Thursday, December 15, 2005

Colonial rule challenged India in its very concept of civilization

Twilight of the Bengal Renaissance: R K Dasgupta and his quest for a world mind. By Subrata Dasgupta. — Soumitro Das The Statesman Oct 03,2005
British rule came as a shock to many thinking people in India, especially in Bengal. What was distinctive about British rule was that it manifested an overwhelming superiority in practically every sphere of human activity as compared to what India had on offer, whether it be science, education, law, culture and society. For a single Tagore the Europeans could boast of at least 50 great poets; for a single Shankaracharya, the Europeans could boast of at least 25 or 30 major philosophers. Besides European philosophy had totally freed itself from the burden of religious doctrine, right from the time of Plato and Aristotle. Europe, at least since the Renaissance had produced a brilliant artistic and scientific culture that will take us centuries to match. Macaulay was right when he remarked that a single shelf in a good European library could match the entire corpus of Indian literature and philosophy. The result was an abiding complex of inferiority vis -a- vis the British in particular and the West in general. This inferiority complex impacted on our culture in two different ways. One result was a mad scramble for certificates of excellence from Western writers and intellectuals.
R K Dasgupta is a typical product of the shock induced by colonial rule in Bengal and his quest for the world mind, as Subrata Dasgupta puts it, is just another quest to regain and recover the lost universality of Indian, specifically Hindu, culture. This loss of the universal continues to traumatize the Hindu mind uptil now. It is a question, for Dasgupta, to stand up with dignity to the cultural might of the West. It is, above all, a question of national pride.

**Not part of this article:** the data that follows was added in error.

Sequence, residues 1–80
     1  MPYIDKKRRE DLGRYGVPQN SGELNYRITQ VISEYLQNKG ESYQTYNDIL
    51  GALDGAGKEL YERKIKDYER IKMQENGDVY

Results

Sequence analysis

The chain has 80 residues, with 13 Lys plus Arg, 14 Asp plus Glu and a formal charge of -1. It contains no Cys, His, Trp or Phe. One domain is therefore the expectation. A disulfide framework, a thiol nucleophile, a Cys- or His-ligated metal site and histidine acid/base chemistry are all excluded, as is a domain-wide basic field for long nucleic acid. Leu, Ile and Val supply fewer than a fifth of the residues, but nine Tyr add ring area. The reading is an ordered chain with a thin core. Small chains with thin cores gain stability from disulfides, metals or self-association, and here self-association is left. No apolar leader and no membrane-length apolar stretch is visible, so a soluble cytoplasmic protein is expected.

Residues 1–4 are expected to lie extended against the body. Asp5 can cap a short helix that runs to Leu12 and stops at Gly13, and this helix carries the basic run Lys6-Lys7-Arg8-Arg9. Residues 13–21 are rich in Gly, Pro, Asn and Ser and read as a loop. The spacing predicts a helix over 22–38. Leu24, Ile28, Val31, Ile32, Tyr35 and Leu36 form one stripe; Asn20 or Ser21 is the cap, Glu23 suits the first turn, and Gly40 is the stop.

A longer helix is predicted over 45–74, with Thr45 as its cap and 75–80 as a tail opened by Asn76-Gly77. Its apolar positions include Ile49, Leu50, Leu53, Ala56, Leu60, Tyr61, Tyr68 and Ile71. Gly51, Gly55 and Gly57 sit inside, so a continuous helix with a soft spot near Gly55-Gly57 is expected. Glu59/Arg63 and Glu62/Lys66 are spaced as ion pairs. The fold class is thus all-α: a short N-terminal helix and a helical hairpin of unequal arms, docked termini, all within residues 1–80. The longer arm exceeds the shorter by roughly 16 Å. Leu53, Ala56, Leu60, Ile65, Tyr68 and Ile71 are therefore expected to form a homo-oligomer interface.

Dasgupta takes a look at R K Dasgupta’s thinking on what is sometimes called the Bengal Renaissance. Here, R K Dasgupta, instead of relying on historians, either British or Indian, whom he reproaches of applying blindly the model of the European Renaissance, turns to a poet and a politico-religious figure to better understand the phenomenon. In Tagore and Sri Aurobindo, R K Dasgupta finds an emphasis on the indigenous element in the Bengal Renaissance rather than on Western influences. The spiritual dimension is also stressed. Once again, of asserting national pride. It is evident from R K Dasgupta’s thinking on this subject that colonial rule challenged India in its very concept of civilization, something that Muslim rule has never been able to do. (The reviewer is a freelance contributor)

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